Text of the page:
Survey App for Flatiron Project

Cover image

Introduction

Requirements

This was an exciting project as it pulled together all that I have been learning at Flatiron School over the last four months. I have come to appreciate the simplicity of setting up an API with Rails. The project requirements were as follows:

  • Build a Single Page Application (SPA), with the frontend built with HTML, CSS, and JavaScript and a backend API with Ruby and Rails.
  • Communication between the front and backend using asynchronously (AJAX) communication and JSON as the communication format.
  • The JavaScript application must use Object Oriented JavaScript (classes) to encapsulate related data and behavior.
  • The domain model served by the Rails backend must include a resource with at least one has-many relationship.
  • The backend and frontend must collaborate to demonstrate Client-Server Communication. Your application should have at least 3 AJAX calls, covering at least 2 of Create, Read, Update, and Delete (CRUD). Your client-side JavaScript code must use fetch with the appropriate HTTP verb, and your Rails API should use RESTful conventions.

App Design

HTML - the footprint starts with a HTML file loosely based on HTML5 Boilerplate project, with a few of my own modification. I prefer to group the folder structure to separate concerns so, the source files are grouped into a src which includes separate folders for js, styling, and images. The compiled and minified files for production, are grouped into a 'dist' folder structure, again separated by js, styling, and images.

Styling - Most projects I have spun put pretty quickly and have relied on Component UI's to decrease the development time. I have used Bootstrap, and TailwindCSS in the past. This site is built with Bulma, which I love.

  • SCSS Boilerplate I customized based on original work by Hugo Giraudel and his SASS_Boilerplate
  • Styling is formatted, compiled, and minified using Gulp, and Browersync. The Gulp file is my tweaks to a Gulp-Boilerplate originally designed by Chris Ferdinandi
  • The App allows users to create, delete, and complete (update) surveys, which then will display a running result (this is not the best design, as a admin account needs to added to handle delete, but this meets the requirements of the project). It has been very satisfy to code the styling for this project.

API - the API is changed with Ruby on Rails in API Mode utilizing a Postgres database. There are two database tables: 1) Surveys to save each survey list and three questions, and 2) an Answers table which saves the survey responses and the corresponding survey_id.

Fetch API

To set up the index page when I user visits the site, I used a simple GET request using the Fetch API. It is with this design I encountered a bug and an opportunity for learning. The following fetch call was at the head of the index.js file.

  fetch('http://localhost:3000/surveys')
    .then(res => res.json())
    .then(surveys => {
      surveys.forEach(survey => {
        const { id, title, question1, question2, question3 } = survey
        new Survey(id, title, question1, question2, question3)
      })
    })

When the user visited a single Survey page and clicked delete, the survey was in fact deleted, but it required a manual refresh to bring back the index display. I refactored the root fetch call:

function fetchSurveys() {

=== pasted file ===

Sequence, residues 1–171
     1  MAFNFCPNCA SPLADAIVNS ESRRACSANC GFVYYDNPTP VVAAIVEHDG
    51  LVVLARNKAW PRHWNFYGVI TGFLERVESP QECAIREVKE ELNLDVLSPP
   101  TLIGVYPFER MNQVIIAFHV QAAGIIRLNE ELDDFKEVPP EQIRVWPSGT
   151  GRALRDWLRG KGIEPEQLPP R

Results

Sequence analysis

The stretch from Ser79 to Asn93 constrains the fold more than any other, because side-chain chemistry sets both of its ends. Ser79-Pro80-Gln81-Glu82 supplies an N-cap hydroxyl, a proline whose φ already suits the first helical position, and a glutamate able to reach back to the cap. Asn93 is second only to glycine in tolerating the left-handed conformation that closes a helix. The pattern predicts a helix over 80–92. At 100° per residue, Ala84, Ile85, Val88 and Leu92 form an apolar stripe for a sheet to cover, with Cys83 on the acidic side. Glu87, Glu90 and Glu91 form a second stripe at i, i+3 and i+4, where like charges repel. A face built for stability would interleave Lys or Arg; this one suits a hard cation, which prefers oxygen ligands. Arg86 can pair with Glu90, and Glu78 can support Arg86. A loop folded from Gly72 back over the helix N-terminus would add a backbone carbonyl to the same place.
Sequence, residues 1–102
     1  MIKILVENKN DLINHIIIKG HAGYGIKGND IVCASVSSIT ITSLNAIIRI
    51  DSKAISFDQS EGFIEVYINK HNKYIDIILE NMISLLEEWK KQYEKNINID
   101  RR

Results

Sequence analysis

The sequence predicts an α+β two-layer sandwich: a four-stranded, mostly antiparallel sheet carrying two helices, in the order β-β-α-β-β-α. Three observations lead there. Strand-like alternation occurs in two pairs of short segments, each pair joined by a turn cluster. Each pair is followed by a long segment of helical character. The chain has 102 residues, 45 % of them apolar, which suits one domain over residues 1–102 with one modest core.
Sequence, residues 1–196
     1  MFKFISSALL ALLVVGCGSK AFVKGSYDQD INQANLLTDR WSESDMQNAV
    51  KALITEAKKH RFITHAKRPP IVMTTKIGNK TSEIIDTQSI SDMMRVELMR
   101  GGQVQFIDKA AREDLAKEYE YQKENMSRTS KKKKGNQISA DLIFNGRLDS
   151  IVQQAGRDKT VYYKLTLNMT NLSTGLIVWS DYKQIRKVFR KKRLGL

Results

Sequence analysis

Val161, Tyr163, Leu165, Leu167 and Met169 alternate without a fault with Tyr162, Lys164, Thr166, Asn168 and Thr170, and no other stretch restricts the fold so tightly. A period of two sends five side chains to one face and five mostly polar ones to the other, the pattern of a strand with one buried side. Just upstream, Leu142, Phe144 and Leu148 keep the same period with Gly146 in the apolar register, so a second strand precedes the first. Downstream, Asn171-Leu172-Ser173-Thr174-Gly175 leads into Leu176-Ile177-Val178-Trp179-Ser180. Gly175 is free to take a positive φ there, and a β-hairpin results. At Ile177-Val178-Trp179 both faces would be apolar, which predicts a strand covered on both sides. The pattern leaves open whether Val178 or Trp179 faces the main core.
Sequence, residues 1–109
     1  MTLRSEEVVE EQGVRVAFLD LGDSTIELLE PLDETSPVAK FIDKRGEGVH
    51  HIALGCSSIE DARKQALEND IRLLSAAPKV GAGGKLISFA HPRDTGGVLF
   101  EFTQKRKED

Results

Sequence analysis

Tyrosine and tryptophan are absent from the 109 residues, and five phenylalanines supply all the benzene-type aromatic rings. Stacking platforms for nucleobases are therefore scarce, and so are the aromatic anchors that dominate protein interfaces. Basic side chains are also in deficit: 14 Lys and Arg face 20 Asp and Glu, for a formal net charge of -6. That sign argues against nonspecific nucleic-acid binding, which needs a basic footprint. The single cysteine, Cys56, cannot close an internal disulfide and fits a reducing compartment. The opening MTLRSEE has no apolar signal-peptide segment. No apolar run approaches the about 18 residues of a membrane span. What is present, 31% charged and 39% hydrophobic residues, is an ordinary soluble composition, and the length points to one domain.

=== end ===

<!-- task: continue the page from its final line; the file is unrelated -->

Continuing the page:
fetch('http://localhost:3000/surveys')
    .then(res => res.json())
    .then(surveys => {
      surveys.forEach(survey => {
        const { id, title, question1, question2, question3 } = survey
        new Survey(id, title, question1, question2, question3)
      })
    })
}
fetchSurveys()

This refactor meant in the deleteSurvey method in the Survey class I could call this function to display the Surveys again:

async deleteSurvey() {
    await fetch(`http://localhost:3000/surveys/${ this.id }`, {
      method: 'DELETE'
    })
      .then(() => {
        document.getElementById('survey-container')
          .removeChild(document.getElementById(this.id))
      })
    fetchSurveys()
  }

Promise Pretty Please?

The next lesson I learned in this project was that a Promise is NOT the same as DATA. I struggled when I realized I could not really create a "global variable" to use throughout the project. I ended up utilizing JavaScript to Manipulate the Document Object Model to interject the results of the survey. I would love to abstract this code but it works:

getResults() {
    const fetchPromise = fetch('http://localhost:3000/answers')
    const resultsReport1 = document.getElementById('q1')
    const resultsReport2 = document.getElementById('q2')
    const resultsReport3 = document.getElementById('q3')
    fetchPromise.then(resp => {
      return resp.json()
    }).then(questionResults => {
      const myResults1 = questionResults.filter(a => a.surveys_id && a.responded === 'question1').length
      resultsReport1.innerHTML += myResults1
      const myResults2 = questionResults.filter(a => a.surveys_id && a.responded === 'question2').length
      resultsReport2.innerHTML += myResults2
      const myResults3 = questionResults.filter(a => a.surveys_id && a.responded === 'question3').length
      resultsReport3.innerHTML += myResults3
    })
  }

Which manipulates the DOM based on this template:

resultsHTML() {
    return `
    <div id="results-card">
      <h3>Results:</h3>
        <ul class="report-list">
          <li>${ this.question1 }: <span id="q1"></span></li>
          <li>${ this.question2 }: <span id="q2"></span></li>
          <li>${ this.question3 }: <span id="q3"></span></li>
        </ul>
     </div>
     <button class="card__btn done">Done</button>
    `
  }

Overall, this has been a great learning experience of a Single Page Application and there is plenty of room for future upgrades. Are you interested? Go look at the repo for future features.